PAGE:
Welcome to another week.

The Law Society has come out against mandatory reporting of child abuse, a duty which if made into law, would require child welfare professionals to report suspected child abuse to police and other officials.

Arguing that a duty to report suspected abuse would be counter-productive, the Law Society has suggested that mandatory reporting would be overly intrusive for families involved, lead to a sharp increase in reports which would cripple an already backlogged family justice system and lead to further delays, as child welfare professionals would become “overly preoccupied” with the need to report abuse.

But emerging research paints a different picture. Although some evidence in the US suggests that criminal sanctions for failure to report suspected abuse can lead to professionals turning a blind eye to abuse over fears that this could cause the child in question more harm, much of the research to date highlights positive outcomes. Other US research implies that a larger number of abused children go on to be identified without causing additional strain to child protection platforms, and data from Western Australia shows that twice as many sexually abused children went on to be identified after the introduction of the law, there.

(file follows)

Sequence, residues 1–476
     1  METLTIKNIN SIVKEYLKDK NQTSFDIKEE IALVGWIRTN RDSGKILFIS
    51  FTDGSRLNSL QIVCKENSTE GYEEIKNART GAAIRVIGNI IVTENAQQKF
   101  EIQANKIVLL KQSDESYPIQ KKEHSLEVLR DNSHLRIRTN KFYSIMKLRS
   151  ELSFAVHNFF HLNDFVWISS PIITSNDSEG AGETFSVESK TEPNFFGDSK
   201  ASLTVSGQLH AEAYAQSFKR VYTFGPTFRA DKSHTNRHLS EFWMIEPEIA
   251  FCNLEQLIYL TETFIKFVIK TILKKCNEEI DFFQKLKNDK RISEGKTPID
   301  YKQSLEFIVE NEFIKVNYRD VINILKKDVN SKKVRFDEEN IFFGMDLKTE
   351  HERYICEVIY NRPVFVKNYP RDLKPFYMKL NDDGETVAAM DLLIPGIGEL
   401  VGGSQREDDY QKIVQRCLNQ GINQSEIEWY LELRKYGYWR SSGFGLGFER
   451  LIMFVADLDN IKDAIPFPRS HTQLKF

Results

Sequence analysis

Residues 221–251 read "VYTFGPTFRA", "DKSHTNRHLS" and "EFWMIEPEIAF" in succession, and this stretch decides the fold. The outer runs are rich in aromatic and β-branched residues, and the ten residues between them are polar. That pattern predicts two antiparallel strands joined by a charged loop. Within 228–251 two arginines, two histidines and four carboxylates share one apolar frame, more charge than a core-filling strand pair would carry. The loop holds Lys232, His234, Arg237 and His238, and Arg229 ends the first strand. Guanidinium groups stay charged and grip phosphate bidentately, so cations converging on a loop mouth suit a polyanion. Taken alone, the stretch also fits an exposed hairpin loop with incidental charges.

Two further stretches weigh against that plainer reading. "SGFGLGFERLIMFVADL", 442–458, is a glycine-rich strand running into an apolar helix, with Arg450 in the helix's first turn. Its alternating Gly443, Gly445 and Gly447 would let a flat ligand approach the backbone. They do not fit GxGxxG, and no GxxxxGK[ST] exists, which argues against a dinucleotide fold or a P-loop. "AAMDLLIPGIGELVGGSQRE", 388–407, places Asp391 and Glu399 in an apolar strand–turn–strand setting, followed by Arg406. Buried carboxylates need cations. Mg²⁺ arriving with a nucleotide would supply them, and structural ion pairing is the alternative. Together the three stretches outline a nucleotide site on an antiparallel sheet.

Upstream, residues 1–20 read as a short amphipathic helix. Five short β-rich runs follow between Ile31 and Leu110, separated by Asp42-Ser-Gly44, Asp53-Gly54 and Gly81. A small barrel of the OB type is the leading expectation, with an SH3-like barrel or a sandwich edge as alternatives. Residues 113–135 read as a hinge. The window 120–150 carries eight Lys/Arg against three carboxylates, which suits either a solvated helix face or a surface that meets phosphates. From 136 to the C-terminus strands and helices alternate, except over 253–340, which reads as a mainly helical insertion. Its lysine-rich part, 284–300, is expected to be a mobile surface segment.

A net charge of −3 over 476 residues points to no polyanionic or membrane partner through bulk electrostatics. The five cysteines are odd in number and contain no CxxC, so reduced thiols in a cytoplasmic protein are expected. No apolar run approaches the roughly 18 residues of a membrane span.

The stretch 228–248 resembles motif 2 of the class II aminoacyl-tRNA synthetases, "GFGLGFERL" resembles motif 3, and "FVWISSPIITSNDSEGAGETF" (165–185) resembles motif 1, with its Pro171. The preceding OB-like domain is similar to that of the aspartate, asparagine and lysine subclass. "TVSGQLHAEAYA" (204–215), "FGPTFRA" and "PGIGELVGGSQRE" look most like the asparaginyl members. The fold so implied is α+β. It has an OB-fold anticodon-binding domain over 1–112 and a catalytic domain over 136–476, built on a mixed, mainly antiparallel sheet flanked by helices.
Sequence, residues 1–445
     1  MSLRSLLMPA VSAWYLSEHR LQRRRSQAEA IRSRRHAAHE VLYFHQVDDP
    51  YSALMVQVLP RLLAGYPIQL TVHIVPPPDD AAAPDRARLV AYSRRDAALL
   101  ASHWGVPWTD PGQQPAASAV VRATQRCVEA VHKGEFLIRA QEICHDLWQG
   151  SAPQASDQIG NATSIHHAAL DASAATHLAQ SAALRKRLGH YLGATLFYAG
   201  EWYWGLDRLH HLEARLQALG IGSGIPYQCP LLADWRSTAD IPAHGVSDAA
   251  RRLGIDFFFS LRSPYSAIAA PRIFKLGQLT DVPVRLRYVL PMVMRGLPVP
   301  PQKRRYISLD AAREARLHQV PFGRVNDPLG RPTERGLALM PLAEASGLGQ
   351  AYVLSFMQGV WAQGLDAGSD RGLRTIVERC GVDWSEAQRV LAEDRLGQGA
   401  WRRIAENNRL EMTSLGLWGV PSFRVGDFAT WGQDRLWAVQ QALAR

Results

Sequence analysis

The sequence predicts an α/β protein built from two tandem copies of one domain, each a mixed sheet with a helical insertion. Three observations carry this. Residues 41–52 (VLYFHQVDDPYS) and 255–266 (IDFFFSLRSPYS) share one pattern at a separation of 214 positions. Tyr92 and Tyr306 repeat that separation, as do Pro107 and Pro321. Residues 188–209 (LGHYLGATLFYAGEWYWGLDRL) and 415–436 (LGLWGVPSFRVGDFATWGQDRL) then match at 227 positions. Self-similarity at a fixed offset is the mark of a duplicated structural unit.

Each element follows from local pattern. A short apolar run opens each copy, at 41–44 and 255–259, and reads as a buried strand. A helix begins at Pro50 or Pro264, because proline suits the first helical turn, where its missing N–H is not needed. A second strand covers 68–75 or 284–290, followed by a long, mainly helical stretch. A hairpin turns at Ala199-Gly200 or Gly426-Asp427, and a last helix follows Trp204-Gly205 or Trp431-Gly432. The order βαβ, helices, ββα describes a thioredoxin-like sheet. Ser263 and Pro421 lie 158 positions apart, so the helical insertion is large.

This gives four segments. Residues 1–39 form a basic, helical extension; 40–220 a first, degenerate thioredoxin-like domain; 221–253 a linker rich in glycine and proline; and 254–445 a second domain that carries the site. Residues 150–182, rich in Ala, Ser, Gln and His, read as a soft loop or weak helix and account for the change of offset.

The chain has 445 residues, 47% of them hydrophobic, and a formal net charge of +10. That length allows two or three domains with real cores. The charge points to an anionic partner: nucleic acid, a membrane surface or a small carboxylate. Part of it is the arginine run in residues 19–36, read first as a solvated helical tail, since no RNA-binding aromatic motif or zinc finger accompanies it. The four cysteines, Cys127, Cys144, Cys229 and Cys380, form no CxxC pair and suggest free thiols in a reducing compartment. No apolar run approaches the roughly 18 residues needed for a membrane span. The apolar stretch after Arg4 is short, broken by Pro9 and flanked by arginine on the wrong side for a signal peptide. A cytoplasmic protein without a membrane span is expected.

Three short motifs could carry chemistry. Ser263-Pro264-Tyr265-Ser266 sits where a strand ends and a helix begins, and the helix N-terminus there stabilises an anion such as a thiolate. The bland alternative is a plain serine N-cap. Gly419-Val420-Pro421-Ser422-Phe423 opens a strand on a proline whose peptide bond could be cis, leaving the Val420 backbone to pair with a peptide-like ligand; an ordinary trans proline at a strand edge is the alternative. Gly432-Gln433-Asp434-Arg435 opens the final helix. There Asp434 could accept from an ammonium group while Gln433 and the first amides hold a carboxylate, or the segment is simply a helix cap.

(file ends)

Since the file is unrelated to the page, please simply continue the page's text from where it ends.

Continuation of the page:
Our question this week then, is this: Do you think mandatory reporting of child abuse is a good or a bad thing?